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Etymologies

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Examples

  • Irishman looked up at the clock which said 3, then at the three of a kind in the nurse's arms, and said: "O'im not superstitious, but thank Hivins thot Oi didn't come home at twilve!"

    The New Pun Book

  • That will make me twilve, and it's good and glad of it I am for I've to walk to town when my line is reset.

    At the Foot of the Rainbow

  • "I would ha 'swore, sir, there was thirteen, but it seems there was only twilve.

    Harper's Young People, March 23, 1880 An Illustrated Weekly

  • "Sure it's not Bridget O'Flannigan will desart an orphin child; but I make it distinct, an 'ye hear me now, that I'm a respictable woman, not given to takin' a dhrop too much or too little, an 'I won't stan' an 'be insulted, an' me twilve years over from ould Oireland come

    The Gentle Art of Cooking Wives

  • "Shure, now, that's a cow fer a respictable middle-aged woman twilve years over from Oireland ter sit down an 'milk when she's not yit ready ter die -- is it, now?

    The Gentle Art of Cooking Wives

  • "I want," he said, sourly, "twilve good min, but I don't know that I can git them.

    The Grain Ship

  • "So while the clock was shtrikin’ fur twilve, out come the saint wid the wather-bucket an’ shtarted to the shpring.

    Irish Wonders

  • "Well, sure, and your honour knows bist," rejoined the first sentinel; "but so hilp me St. Patrick, as I have sirved man and boy in your honour's rigimint this twilve years, not even the fitch of a man has passed me this blissed night.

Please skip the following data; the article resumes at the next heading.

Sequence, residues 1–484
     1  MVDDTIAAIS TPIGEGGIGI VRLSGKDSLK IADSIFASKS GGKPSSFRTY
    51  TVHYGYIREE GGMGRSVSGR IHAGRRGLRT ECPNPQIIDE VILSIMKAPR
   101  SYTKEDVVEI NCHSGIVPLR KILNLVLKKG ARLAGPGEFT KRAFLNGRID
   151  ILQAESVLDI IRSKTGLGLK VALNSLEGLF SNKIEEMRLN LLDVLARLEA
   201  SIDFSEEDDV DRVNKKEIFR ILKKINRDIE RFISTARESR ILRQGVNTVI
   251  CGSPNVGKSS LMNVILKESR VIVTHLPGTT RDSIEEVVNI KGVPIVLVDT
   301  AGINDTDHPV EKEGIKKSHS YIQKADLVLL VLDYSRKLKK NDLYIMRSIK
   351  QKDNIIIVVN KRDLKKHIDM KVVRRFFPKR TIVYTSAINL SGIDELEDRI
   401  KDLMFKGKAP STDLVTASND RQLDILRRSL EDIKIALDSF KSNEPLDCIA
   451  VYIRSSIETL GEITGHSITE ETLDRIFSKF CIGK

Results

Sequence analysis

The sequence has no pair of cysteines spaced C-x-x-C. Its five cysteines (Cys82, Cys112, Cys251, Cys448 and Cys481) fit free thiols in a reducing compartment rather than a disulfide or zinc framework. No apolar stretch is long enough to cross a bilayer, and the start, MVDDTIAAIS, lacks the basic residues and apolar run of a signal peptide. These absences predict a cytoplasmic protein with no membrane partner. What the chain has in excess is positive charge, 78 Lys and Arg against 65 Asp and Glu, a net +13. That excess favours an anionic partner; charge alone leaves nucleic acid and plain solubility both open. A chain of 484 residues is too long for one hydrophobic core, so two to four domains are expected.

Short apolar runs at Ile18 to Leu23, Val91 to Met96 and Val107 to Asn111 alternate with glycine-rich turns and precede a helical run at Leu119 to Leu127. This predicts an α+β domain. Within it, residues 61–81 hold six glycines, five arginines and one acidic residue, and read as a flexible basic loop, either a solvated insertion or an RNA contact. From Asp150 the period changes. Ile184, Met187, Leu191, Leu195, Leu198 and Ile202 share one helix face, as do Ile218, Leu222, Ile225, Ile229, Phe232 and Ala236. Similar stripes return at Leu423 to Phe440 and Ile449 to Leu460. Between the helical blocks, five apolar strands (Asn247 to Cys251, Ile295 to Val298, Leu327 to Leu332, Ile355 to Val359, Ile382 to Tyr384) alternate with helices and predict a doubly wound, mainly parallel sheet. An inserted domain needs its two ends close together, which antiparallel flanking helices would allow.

Wacousta : a tale of the Pontiac conspiracy (Complete)

Comments

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  • English irregular verbs scarcely follow any rules at all. There are a couple of patterns (e.g. swim ~ swam ~ swum) that contain as many as ten strong verbs, but most patterns are only for several verbs. There are verbs such as bring ~ brought ~ brought that combine internal change with a weak ending; and others like show ~ showed ~ shown combining weak and strong forms. While twilve doesn't exactly match any real pattern (as far as I can recall), it's close enough to sell ~ sold ~ sold to be plausible. (The more so the more I look at the variant forms of sell historically.)

    June 1, 2009

  • Did you make this up, Inked Polyglot? Irregular verbs are only "irregular" in that they follow different rules from the majority. In English, this usually means that there is an alteration in the vowel to indicate the past instead of the addition of the -ed morpheme (and often with the morpheme -en in the past participle. Hence, the sequence twilve, twolve, twilven, modeled perhaps on the verb drive, might be more in keeping with the patterns of English. But I am just a rank amateur when it comes to these things, and I expect (and hope) my colleague Qroqqa might have something to add or correct.

    June 1, 2009

  • The English language is lacking a word that defines 24 hours, like e.g. the Scandinavian languages have. There's day that can define a 24-hour span, but that can also be used to define the 12 hours of light, as opposed to night.

    Twilve is a contraction of the words two/twi and twelve, defining a period of time that is two times twelve hours.

    Twilve is both a noun, as in 24 hours, and a verb, meaning "stay up for 24 hours."

    This is an irregular intransitive verb:

    I twilve every summer.

    I twolved last week.

    I have twolved many times.

    June 1, 2009